The radiographs that are essential for evaluation of the JRA elbow are the anteroposterior and lateral views. The radiographic presentation of the JRA elbow has five distinct stages6,32: grade I indicates no radiographic changes with the exception of osteopenia associated with active synovitis; grade II, symmetric narrowing of the joint space with the architecture intact; grade III, alteration of the architecture of the joint that may be relatively mild (type A) or extensive (type B); grade IV, gross destruction of most or all of the articular architecture. A grade V, radiographic change was defined if a review of the JRA radiograph revealed an absence of an identifiable ulnohumeral joint on anteroposterior and lateral radiographs or by mature bony trabeculation crossing the ulnohumeral joint (Fig. 55-1). If severe bony atrophy is present, calibrated markers may be necessary for preoperative templating purposes.


Open communication between the rheumatologist, orthopedist, and physical therapist helps provide ideal care for these patients. The nonsurgical management of JRA differs little from that of adult rheumatoid arthritis. Improved results appear to be occurring from the use of disease-remitting agents (see Chapter 74). Efforts should be geared toward pain relief and especially maintenance of joint motion. Elbow splinting is unpredictable. Resting or night splints can be helpful. Judicious use of corticosteroid injections in the elbow joint may also be helpful for early symptoms. Gentle exercises should be performed regularly for the all important goal of maintaining mobility and muscle strength.

When nonoperative management fails to provide adequate relief of symptoms, surgical treatment alternatives include surgical or clinical synovectomy, interposition arthroplasty, and joint replacement. The relative roles of synovectomy and interposition arthroplasty of the rheumatoid elbow are discussed in Chapters 68 and 69 of this text. As previously emphasized, elbows with JRA have a propensity toward stiffness. Thus, if a synovectomy or interposition arthroplasty is proposed, concomitant anterior and posterior capsular releases may be necessary to re-establish functional range of motion. This was recently reaffirmed by a series of 24 synovectomies for JRA patients. The outcome was considered satisfactory in 72% at 5 years.30 Of importance was that motion did not improve in these patients. On the other hand, a more aggressive approach to débridement and removal of capsule and bony impingement might improve results, as was shown in the Mayo experience.7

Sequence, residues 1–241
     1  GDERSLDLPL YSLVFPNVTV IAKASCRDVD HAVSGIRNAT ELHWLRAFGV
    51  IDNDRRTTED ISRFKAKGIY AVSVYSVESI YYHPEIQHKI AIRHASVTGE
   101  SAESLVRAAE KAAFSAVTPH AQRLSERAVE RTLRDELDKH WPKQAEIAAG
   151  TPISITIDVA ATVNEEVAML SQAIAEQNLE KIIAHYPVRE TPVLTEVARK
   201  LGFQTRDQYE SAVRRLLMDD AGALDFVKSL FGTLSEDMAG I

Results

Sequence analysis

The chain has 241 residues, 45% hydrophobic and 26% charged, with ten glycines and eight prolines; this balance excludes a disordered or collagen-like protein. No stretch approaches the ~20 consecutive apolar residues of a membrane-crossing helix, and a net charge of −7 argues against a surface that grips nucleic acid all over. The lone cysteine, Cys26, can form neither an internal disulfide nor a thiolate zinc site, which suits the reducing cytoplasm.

If the rather stringent indications for synovectomy and interposition arthroplasty are not met, elbow arthroplasty is recommended.


The technique of total elbow arthroplasty for the adult rheumatoid elbow is described in Chapter 54 of this text. In this patient in particular, to avoid potential complications, it is essential that the surgeon spend time planning preoperatively for the anatomic deformities and technical challenges that are especially common with elbows affected by JRA. Emphasis is placed on ensuring that the proper sized (small) implant is available to accommodate the small intramedullary canal, especially of the ulna. As mentioned earlier, this may require preoperative radiographs with calibrated templating markers. Be prepared to bend both humeral and ulnar component stems.

A posterior incision is used, and the ulnar nerve is routinely transferred anteriorly to a subcutaneous position. The triceps is then released in a subperiosteal manner from the olecranon, in continuity with the ulnar periosteum and the fascia of the forearm along with the anconeus.5